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Department of Agronomy

Dr. Tesfaye Tesso

Dr. Tesfaye Tesso


Sorghum Breeding and Genetics
Email Dr. Tesso

Kansas State University
3007 Throckmorton PSC
1712 Claflin Road
Manhattan, KS 66506

Ph: +1-785-532-7238
Fx: +1-785-532-6094


  • Post Doctoral Associate Sorghum breeding, Purdue University
  • Ph.D. Plant Breeding and Genetics, Kansas State University, 2002
  • M.S. Plant Breeding, Alemaya University, 1997
  • B.S. Plant Sciences, Alemaya University , 1991


  • Tesso, T., and G. Ejeta. 2010. Stalk strength and reaction to infection by Macrphomina phaseolina of brown midrib maize (Zea mays) and sorghum (Sorghum bicolor). Field Crops Res. (accepted).
  • Tesso, T. K. Kershner, K. Al-khatib, and M. Tuinstra. 2010. Regisration of 34 sorghum germplasm lines resistant to Acetolactate synthase (ALS) inhibitor herbicides. J. Plant Reg. (in press)
  • Tesso T., N. Ochanda, L. Claflin, Christopher Little and M. Tuinstra. 2010. Analysis of host plant resistance to multiple Fusarium species associated with stalk rot diseases in sorghum [Sorghum bicolor (L.) Moench]. Field Crops Res. 118:177-182.
  • Tesso T., N. Ochanda, L. Claflin and M. Tuinstra. 2009. An improved method for screening Fusarium stalk rot resistance in grain sorghum [Sorghum bicolor (L.) Moench]. African J. Plant Sci. 3:254 - 262
  • Ming Li Wang, Chengsong Zhu, Noelle A. Barkley, Zhenbang Chen, John E. Erpelding, Seth C. Murray, Tesfaye Tesso, Gary A. Pederson, and Jianming Yu. 2009. Genetic Diversity and Population Structure Analysis of Accessions in the U.S. Historic Sweet Sorghum Collection. Theor. Appl. Genet.
  • Vogler, K, T. Tesso, K. D. Johnson, and G. Ejeta. 2009. The effect of allelic variation on forage quality of brown midrib sorghum mutants with reduced caffeic acid O-methyl transferase (COMT) activity. African Journal of Biochemistry Research, 3:70-76.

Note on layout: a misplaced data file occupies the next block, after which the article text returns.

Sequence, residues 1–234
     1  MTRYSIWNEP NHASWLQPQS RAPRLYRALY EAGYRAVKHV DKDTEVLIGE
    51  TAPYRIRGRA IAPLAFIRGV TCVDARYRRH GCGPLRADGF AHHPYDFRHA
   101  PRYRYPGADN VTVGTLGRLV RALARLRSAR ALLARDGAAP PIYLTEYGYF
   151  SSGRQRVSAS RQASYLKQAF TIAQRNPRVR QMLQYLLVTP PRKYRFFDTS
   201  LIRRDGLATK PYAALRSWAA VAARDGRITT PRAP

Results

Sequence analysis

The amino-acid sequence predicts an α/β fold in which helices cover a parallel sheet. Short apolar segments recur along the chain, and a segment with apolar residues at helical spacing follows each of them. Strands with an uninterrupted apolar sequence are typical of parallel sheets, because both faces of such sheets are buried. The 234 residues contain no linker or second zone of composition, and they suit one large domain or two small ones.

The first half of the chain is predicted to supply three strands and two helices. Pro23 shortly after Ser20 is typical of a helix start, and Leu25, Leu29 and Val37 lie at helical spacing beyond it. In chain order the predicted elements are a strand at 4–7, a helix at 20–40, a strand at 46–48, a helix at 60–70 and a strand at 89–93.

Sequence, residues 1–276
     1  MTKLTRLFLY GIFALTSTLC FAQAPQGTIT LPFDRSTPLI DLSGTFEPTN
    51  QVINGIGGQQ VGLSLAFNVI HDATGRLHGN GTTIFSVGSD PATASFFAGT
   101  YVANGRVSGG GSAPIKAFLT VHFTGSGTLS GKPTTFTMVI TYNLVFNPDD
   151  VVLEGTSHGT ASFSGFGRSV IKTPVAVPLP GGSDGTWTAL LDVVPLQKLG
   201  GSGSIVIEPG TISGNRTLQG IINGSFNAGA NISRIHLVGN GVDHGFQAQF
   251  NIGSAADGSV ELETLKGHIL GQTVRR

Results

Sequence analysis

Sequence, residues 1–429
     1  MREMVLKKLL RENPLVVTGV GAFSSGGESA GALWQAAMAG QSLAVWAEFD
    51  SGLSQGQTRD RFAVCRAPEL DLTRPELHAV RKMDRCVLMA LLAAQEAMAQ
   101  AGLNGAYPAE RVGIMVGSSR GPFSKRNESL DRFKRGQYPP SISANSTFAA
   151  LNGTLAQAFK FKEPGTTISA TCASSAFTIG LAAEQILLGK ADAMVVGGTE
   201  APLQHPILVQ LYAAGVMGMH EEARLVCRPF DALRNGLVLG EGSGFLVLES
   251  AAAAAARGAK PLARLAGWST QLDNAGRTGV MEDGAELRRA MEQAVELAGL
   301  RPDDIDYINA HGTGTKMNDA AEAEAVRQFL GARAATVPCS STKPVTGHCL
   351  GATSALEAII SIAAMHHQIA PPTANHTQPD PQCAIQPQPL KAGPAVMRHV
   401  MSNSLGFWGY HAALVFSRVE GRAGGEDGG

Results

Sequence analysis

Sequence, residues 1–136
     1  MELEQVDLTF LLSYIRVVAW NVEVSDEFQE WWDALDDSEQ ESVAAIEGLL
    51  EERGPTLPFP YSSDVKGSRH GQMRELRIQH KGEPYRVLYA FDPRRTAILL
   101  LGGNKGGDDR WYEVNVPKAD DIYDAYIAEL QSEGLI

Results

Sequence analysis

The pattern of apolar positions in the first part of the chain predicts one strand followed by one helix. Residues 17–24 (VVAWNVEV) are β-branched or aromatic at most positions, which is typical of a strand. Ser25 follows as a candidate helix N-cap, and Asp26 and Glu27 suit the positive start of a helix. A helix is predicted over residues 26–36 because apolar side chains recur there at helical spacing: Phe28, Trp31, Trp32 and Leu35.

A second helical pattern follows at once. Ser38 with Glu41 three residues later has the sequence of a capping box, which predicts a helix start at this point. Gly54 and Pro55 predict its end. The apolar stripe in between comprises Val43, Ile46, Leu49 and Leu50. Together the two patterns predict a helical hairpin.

The goal of the K-State sorghum breeding program is to develop and release elite sorghum parental lines and germplasm that posses traits desired by the sorghum community in the Great Plains. The program particularly targets traits that:

  • Enhance drought tolerance
  • Facilitate weed control
  • Improve overall productivity and utilization of sorghum as feed, food and bio-energy crop.

To achieve this, we employ the state of the art molecular tools and conventional breeding methods. We operate in partnership with a multi-disciplinary team of researchers with diverse expertise including genetics, plant pathology, entomology, physiology, grain science, cereal chemistry and bio-processing. We continue to utilize the platform created by the Center for Sorghum Improvement and the Kansas State University Targeted Excellence Program to further enhance our partnership and collaboration to better target outstanding constraints and also exploit new opportunities (new tools and new uses of the crop) to enhance the competitiveness of the sorghum industry in the region.

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